Need a fresh cup? At Mariposa, it’s a pleasure


Emilio Aguilera, owner of Echo Park’s Cafe Mariposa, believes in the power of “the little things.” The 38-year-old San Fernando Valley native has long dreamed of opening a coffeehouse, so when he finally accomplished his goal in November, he treated his customers as his most valuable consultants. “A regular from Naples said we should serve our espresso with a little piece of chocolate and a shot of palette-cleansing sparkling mineral water on the side,” Aguilera says. “It’s really caught on.”

Another customer-suggested “little thing” that keeps coffee hounds coming back is the cortadito, a Venezuelan-style coffee made with three shots of espresso and condensed milk that is popular in Miami.

Then there are the pastries, spicy jalapeno croissants, sweet cheese rolls and buttery cookies as well as salads and sandwiches made by Homeboy and Homegirl Industries (which help former gang-involved youth get back on their feet). In tough Echo Park, that’s a little thing that stands for much more.


“Every single pastry has extra love in it,” says Missy Neff, a hair and makeup artist who has worked behind the counter since the writers strike put her out of business. The spunky 30-year-old attributes Mariposa’s success with the community to Aguilera’s warm energy and “incredible optimism.”

That optimism was hard won. The single father of two joined the Marines in the mid-’90s and served in South Korea and Okinawa, Japan. When he got out he was 29 and had nowhere to go.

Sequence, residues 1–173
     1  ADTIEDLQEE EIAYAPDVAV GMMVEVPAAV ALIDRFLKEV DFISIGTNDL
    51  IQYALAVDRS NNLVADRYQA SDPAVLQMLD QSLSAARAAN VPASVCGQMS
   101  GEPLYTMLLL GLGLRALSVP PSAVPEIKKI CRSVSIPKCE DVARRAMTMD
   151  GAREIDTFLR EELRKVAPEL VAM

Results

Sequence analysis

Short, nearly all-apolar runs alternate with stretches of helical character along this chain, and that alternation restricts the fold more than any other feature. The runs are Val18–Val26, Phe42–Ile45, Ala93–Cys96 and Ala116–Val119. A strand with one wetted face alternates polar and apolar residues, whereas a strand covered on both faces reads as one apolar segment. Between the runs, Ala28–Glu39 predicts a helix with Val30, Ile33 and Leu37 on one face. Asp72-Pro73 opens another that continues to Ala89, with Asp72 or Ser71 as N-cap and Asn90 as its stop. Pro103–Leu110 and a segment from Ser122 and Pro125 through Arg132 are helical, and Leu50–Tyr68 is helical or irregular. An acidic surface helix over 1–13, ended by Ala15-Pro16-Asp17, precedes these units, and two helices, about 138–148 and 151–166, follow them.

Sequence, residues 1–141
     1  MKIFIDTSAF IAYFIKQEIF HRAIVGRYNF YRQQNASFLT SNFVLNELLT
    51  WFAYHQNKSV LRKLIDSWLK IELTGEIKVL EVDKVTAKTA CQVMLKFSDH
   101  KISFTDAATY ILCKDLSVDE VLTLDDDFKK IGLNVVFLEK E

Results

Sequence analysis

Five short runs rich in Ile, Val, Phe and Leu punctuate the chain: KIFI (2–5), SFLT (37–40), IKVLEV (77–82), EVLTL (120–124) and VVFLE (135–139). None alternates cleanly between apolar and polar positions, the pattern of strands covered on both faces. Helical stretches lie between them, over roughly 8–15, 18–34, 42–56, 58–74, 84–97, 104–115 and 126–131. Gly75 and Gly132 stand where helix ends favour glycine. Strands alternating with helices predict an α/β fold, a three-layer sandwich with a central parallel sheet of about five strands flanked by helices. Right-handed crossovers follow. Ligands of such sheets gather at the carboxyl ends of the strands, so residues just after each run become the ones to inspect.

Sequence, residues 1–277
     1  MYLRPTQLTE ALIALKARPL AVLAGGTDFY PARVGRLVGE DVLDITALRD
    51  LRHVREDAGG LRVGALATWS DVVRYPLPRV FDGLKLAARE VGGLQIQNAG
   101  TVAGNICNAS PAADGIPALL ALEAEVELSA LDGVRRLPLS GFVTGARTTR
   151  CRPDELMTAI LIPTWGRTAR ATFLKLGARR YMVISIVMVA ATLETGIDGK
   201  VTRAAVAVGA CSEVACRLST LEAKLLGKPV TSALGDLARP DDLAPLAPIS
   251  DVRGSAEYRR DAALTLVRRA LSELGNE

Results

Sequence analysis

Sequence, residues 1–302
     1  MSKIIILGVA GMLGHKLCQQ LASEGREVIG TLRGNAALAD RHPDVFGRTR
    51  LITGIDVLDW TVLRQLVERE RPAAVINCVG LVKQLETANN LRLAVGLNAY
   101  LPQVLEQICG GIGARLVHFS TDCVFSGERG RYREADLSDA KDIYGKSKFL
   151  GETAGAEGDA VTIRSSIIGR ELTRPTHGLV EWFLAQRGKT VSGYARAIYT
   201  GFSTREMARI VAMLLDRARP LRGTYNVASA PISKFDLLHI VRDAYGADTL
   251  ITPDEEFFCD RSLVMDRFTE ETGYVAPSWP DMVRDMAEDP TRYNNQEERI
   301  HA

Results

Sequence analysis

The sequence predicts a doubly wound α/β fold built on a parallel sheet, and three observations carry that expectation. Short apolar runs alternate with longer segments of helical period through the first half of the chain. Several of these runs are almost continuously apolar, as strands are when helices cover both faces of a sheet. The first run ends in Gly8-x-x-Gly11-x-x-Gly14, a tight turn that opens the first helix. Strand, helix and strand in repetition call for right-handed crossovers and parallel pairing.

“I was living out of my car and showering at the YMCA,” Aguilera recalls. “I stood on street corners with migrant workers. I’d pick 450 pounds of avocados one day and pour concrete the next.”

Eventually he got a job temping and saved up to start his own private investigation firm (which he still runs). It wasn’t until he started a wholesale coffee business that he allowed himself to dream about a coffee shop again.

That dream is quickly expanding.

Two weeks ago Aguilera signed a lease on the space next door to Cafe Mariposa and plans to open it as Mariposa’s on Sunset. It will serve as a showcase for music, art exhibits and book signings, and an interior doorway will lead directly into the cafe. The effort will be Herculean but, for Aguilera, it will be worth it.

“Even if I were to lose everything right now, it would be OK,” says Aguilera. “I made people happy every day serving coffee.” 1547 W. Sunset Blvd., (213) 481-9917